"We have so many important stories to share," says Wallace. "And when we obtained the Barge House location, we finally had a place to show our exhibits." The historical displays of which she speaks include depictions of places such as Horn Point and the boatyards of Eastport. They also bestow the stories behind the faces of our ancestors, like that of Eastport waterman Herbie Sadler and the legacy of his shellfish traditions. The museum operated from the 600-square-foot Barge House location for years before expanding to the McNasby's building.

"Eventually, we realized that our mission was even larger than we imagined," Wallace explains. "When we outgrew the Barge House location, we began to see the enormous potential of the maritime museum and, thankfully, we recruited Buck Buchanan. I couldn't believe that his passion for the museum was equal to mine, and he had a background as business executive which gave him the knowledge to bring a more sophisticated museum to life." Her respect for Buchanan and his wife Marsha is as obvious as her pride and love for Annapolis.

Buchanan displays a mutual respect. "When I signed on as chairman, I agreed to try and take the place of Peg Wallace, but have found it virtually impossible, because she is one of the most amazing individuals I have ever met," says Buchanan. "She has poured heart and soul into the museum, and I am committed to this project, not only because it is an important gift to the community but also because the work Peg Wallace has done ought to be perpetuated."

One of the many heroes the museum celebrates is Capt. Van Horn Weems, the father of modern navigation. According to the exhibit, "he moved to Annapolis from a small town in Tennessee and graduated from the Naval Academy in 1912. Capt. Weems was a navigational genius who modernized the art of celestial navigation by simplifying techniques and inventing the time-saving methods that guided commercial naval vessels through the 1900s. He went on to become an expert in aviation navigation and served as an advisor to Charles Lindbergh, Amelia Erhart and Pan American Airways when commercial flight was just beginning. Ultimately, he was an advisor for NASA." The Weems exhibit is on display at Weems & Plath, 214 Eastern Avenue in Eastport, through January 31.

The museum also commemorates a not-so- well-known story about the Peggy Stewart, an 1800s-era trading ship. In order to protest the British tea tax, residents did not just dump the tea as they did in Boston. They actually burned the ship right here in our very own harbor. Stories like these are plentiful, and the museum aims to provide a forum for these integral pieces of our maritime history. Since its inception, the maritime museum has won several awards for its work. Most recently, Historic Annapolis Foundation presented it with a preservation award for its boatshed exhibit.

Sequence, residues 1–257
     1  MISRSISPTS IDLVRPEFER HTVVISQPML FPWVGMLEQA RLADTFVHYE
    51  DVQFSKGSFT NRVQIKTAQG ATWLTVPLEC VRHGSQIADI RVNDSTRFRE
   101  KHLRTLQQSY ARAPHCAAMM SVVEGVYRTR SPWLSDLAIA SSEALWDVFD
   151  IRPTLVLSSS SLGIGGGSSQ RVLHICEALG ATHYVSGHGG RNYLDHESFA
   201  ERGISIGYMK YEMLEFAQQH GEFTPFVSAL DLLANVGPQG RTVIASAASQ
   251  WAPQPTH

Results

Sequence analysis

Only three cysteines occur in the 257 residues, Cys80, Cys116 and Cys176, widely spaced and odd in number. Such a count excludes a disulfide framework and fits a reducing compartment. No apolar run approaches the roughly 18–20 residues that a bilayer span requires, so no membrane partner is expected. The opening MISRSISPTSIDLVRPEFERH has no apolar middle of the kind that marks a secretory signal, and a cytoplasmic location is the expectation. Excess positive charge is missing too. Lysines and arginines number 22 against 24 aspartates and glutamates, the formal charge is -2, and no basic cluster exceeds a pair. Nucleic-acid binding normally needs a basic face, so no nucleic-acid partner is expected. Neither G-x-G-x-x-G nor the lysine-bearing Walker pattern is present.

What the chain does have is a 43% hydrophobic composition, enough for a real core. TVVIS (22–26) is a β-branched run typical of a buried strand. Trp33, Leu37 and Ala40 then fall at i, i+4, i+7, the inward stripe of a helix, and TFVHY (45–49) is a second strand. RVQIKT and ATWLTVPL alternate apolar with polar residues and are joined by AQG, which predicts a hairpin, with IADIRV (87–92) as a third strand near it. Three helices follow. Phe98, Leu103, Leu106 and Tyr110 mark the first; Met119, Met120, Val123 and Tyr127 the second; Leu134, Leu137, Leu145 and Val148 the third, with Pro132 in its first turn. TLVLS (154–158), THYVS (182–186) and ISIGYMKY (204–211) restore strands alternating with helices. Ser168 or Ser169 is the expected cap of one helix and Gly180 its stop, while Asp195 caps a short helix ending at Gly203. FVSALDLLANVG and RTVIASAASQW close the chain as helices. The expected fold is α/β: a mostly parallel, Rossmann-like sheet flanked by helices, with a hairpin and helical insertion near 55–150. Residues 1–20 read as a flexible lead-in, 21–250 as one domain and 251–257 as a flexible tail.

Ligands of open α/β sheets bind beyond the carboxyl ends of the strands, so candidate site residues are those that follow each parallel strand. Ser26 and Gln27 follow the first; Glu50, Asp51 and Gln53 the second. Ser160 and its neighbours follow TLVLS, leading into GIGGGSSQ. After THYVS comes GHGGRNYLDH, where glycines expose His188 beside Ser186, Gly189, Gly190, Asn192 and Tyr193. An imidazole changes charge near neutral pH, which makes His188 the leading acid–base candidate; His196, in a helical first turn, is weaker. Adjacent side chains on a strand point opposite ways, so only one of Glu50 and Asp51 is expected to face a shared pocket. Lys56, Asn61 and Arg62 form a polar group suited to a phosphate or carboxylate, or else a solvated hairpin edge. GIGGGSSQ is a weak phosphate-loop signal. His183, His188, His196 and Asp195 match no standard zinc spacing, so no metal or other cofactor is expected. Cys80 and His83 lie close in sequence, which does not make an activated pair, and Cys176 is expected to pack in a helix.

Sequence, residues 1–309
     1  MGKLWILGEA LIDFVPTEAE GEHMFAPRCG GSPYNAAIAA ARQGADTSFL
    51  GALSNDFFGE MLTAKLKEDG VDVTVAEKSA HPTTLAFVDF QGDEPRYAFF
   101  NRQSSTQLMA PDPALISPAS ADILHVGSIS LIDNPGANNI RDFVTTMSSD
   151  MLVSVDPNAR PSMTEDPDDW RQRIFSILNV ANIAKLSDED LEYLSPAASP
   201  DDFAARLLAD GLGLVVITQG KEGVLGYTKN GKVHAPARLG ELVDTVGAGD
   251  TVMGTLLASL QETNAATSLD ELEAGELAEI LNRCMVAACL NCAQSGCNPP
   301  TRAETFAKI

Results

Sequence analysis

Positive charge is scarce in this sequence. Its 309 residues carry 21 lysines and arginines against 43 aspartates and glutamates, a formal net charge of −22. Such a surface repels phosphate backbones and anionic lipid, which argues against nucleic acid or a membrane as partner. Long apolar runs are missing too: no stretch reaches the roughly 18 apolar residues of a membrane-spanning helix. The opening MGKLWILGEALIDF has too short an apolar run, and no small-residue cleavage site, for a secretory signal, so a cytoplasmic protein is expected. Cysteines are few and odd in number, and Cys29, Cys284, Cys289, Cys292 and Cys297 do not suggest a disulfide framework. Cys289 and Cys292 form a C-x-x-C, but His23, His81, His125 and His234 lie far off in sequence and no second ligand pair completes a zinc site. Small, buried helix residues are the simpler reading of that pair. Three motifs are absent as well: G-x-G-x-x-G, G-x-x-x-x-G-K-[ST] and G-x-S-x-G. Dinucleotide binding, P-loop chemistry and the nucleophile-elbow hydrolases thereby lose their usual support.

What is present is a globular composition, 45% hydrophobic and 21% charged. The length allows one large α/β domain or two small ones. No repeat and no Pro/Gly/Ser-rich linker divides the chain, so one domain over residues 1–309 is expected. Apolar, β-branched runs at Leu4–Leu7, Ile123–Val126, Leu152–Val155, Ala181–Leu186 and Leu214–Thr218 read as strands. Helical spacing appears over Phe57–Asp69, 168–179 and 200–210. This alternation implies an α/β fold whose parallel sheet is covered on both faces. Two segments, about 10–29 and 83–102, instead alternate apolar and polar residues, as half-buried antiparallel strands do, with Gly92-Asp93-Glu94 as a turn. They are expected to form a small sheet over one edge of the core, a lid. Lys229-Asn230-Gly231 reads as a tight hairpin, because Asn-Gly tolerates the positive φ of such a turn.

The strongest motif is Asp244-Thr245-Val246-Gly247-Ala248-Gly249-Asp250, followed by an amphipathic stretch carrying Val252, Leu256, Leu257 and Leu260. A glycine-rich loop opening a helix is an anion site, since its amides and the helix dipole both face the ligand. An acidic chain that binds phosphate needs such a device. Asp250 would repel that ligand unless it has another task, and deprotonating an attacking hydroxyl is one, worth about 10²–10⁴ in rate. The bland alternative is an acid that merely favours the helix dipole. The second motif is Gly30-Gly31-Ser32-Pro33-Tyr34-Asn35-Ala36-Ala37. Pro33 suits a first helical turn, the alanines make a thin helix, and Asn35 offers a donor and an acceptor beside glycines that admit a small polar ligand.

The benefits of a maritime museum are numerous. "The values and excitement found in our maritime heritage can strengthen the social fabric of our community and assist in raising environmental awareness for the Chesapeake Bay," Buchanan says. "It can also greatly enrich the experience of our visitors and encourage them to return."

There are four legs to the museum's program: The heritage leg teaches stories about the people and events that have shaped our local history. The school leg provides hands-on learning, job training and community service activities for students. The environmental leg encourages the preservation of the foundation of our heritage---the Chesapeake Bay. And the economic leg increases tourism revenue by providing an attraction, thus inspiring visitors to stay longer.

But funds remain the biggest challenge for the maritime museum. "Our need for community support is nothing short of crucial," says Jeff Holland, museum director. "We can keep the vision alive and become a positive force if the community has the will and the commitment to make it happen." The museum welcomes any form of donation, from office equipment to monetary contributions.

Yes, it's undeniable that our history is drenched with influence from the Chesapeake Bay. Quite simply, it was the Bay that brought our ancestors here in the first place, both literally and figuratively. The Annapolis Maritime Museum honors our maritime heritage and celebrates the richness of our culture.

This fusion of past and present lends a voice to the tides of time that echo throughout our city and plants seeds for an abundant harvest of the future. An old African proverb says "it takes a village to raise a child." Advocates of the Annapolis Maritime Museum believe "it takes a community to preserve and celebrate a maritime heritage."

For more information or to make a donation, please call 410-295-0104 or visit the website at

Cindy Edwards enjoys the adventure of life and writing about it. She is an avid reader, traveler and yoga practitioner who resides in Annapolis with her husband and her dog.